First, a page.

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    Follow the Stories | Tucson, Arizona (2007)

    Inside "Outsider Art"


    Posted: 2.26.2007

    Chaissac painting

    The painter Gaston Chaissac was influenced by Pablo Picasso, pre-historic paintings, and children's art.

    Chaissac painting

    Chaissac liked to emphasize his rustic roots, calling himself "Picasso in clogs."

    James Castle

    James Castle, an outsider artist from Idaho, drew with soot and saliva spread with a stick.

    Colleene Fesko and owner and art

    Appraiser Colleene Fesko puts the value of these three images between $50,000 and $100,000.

    At the 2006 ANTIQUES ROADSHOW in Tucson, Arizona, appraiser Colleene Fesko, of Skinner in Boston, was presented with three paintings by a lesser-known French artist named Gaston Chaissac, who lived from 1910 until 1964 and referred to himself as "Picasso in clogs." During Colleene's discussion with the owner of the paintings, she described Chaissac as someone who "really has all the characteristics of the classic outsider artist."

    What did Colleene mean by the term "Outsider Art"?

    In Tucson, appraisers saw three pieces of "Outsider Art" — but what is that?

    Art Brut
    After World War II, the French artist Jean Dubuffet coined the term Art Brut — which translates into English as "raw" or "rough" art — the first term used to describe outsider art. Dubuffet used the term to describe art created by people who had mental disorders, such as schizophrenia or other psychiatric illnesses, and were either institutionalized or had lives dominated by their illnesses. Dubuffet's awareness of these artists came in part from a book published in 1922 by a German doctor named Hans Prinzhorn. He collected thousands of works by psychiatric patients and published them in his book, Bildernerei der Geisteskranken (Artistry of the Mentally Ill).

    With other modern artists, such as André Breton, Dubuffet championed makers of Art Brut in the 1940s, including Chaissac. Dubuffet defined Art Brut this way: "Those works created from solitude and from pure and authentic creative impulses — where the worries of competition, acclaim, and social promotion do not interfere — are, because of these very facts, more precious than the productions of professions. After a certain familiarity with these flourishings of an exalted feverishness, lived so fully and so intensely by their authors, we cannot avoid the feeling that... cultural art in its entirety appears to be the game of a futile society, a fallacious parade."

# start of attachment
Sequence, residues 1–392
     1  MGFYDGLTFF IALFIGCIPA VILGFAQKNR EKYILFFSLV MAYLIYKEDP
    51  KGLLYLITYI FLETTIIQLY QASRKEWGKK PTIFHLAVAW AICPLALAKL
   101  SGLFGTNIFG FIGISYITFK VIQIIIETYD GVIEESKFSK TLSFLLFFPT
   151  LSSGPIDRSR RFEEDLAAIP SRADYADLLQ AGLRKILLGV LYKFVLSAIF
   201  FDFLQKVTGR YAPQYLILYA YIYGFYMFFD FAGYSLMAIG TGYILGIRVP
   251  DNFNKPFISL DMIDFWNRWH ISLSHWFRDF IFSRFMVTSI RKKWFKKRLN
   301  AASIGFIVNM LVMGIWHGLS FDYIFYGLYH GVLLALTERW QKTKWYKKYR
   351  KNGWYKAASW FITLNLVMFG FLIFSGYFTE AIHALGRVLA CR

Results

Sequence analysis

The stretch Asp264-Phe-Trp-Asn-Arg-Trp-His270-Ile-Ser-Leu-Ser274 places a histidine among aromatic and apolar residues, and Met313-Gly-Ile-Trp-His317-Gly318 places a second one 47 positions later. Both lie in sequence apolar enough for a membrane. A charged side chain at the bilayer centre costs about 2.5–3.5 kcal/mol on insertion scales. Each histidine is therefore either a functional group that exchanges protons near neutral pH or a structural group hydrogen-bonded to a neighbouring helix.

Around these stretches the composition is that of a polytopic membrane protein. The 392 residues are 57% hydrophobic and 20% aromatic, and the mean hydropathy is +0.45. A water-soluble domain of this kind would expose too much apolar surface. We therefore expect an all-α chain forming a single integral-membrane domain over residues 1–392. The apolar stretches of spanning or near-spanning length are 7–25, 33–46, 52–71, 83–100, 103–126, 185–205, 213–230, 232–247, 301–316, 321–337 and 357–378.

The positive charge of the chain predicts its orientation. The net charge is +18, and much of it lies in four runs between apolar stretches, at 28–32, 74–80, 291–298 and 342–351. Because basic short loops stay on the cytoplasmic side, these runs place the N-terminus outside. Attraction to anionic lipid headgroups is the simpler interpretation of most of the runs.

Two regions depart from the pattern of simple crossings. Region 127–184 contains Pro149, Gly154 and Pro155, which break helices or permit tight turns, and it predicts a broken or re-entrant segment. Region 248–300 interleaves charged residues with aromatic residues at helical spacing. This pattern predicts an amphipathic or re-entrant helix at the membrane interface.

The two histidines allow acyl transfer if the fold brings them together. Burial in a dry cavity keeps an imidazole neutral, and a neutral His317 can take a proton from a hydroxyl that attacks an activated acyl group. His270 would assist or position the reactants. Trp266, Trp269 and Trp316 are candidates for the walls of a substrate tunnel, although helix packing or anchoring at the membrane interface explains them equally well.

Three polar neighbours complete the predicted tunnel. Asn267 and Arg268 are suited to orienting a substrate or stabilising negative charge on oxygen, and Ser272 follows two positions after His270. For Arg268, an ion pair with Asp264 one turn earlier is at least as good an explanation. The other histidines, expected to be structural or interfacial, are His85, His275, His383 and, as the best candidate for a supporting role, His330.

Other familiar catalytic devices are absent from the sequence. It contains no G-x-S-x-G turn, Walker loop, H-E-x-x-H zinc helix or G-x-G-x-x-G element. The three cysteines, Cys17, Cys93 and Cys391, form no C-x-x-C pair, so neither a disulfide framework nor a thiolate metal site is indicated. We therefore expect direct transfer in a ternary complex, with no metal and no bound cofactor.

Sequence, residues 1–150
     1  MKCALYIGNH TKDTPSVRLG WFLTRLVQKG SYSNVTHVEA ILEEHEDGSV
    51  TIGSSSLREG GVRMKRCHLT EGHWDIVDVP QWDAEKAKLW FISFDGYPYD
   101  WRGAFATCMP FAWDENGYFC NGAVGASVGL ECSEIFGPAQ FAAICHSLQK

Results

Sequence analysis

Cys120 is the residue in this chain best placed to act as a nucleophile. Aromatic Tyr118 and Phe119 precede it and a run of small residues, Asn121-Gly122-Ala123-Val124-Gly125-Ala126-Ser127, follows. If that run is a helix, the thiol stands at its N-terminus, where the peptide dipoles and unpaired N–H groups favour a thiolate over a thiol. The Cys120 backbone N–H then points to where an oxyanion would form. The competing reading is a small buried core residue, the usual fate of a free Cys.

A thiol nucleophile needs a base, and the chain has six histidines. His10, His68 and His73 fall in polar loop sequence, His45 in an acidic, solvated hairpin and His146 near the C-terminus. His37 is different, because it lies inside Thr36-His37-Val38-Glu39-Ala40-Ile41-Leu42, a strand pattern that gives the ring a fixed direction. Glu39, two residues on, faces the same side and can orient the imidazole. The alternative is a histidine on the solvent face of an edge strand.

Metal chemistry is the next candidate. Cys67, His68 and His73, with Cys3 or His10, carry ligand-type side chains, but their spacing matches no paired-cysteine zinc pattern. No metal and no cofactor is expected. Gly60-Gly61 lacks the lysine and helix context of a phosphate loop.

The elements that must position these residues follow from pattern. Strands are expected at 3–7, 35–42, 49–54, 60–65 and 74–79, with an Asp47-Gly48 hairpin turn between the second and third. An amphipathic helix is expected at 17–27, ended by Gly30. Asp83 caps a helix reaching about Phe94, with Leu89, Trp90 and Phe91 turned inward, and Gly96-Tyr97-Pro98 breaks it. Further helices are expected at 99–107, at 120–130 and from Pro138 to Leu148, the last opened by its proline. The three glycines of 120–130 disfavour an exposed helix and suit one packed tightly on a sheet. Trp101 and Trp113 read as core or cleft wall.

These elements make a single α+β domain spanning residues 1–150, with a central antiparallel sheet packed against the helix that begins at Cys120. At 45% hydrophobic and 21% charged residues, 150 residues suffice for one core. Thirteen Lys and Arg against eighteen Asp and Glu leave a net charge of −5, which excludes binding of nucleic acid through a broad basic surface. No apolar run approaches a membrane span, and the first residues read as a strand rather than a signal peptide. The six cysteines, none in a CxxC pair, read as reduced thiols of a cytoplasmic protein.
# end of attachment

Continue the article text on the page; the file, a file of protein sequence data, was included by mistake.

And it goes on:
A Broader Definition
    But over the years, the term Outsider Art, which was first used by art critic Roger Cardinal, has been used in a looser way to include all those who are outside the tradition of academic art, regardless of their mental health. "Outsider Art is often created by self-taught artists who are working outside the mainstream of the fine-art tradition," Colleene says. "When you're studying art history, you follow the line from the Renaissance, to the Mannerist, Baroque, and Rococo periods. These artists aren't looking at that structured progression of Western art history. They don't study Michelangelo or Da Vinci, or the other masters. Their work is the external manifestation of what's going on in and outside of their personal experience."